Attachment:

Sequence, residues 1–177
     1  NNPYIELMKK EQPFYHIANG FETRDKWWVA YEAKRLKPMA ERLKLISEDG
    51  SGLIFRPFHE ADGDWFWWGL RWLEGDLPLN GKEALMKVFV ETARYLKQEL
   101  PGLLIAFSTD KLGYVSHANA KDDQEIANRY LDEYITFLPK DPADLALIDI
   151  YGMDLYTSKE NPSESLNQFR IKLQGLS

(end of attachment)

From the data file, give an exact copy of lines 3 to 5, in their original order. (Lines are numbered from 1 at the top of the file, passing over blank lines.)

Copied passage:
    51  SGLIFRPFHE ADGDWFWWGL RWLEGDLPLN GKEALMKVFV ETARYLKQEL
   101  PGLLIAFSTD KLGYVSHANA KDDQEIANRY LDEYITFLPK DPADLALIDI
   151  YGMDLYTSKE NPSESLNQFR IKLQGLS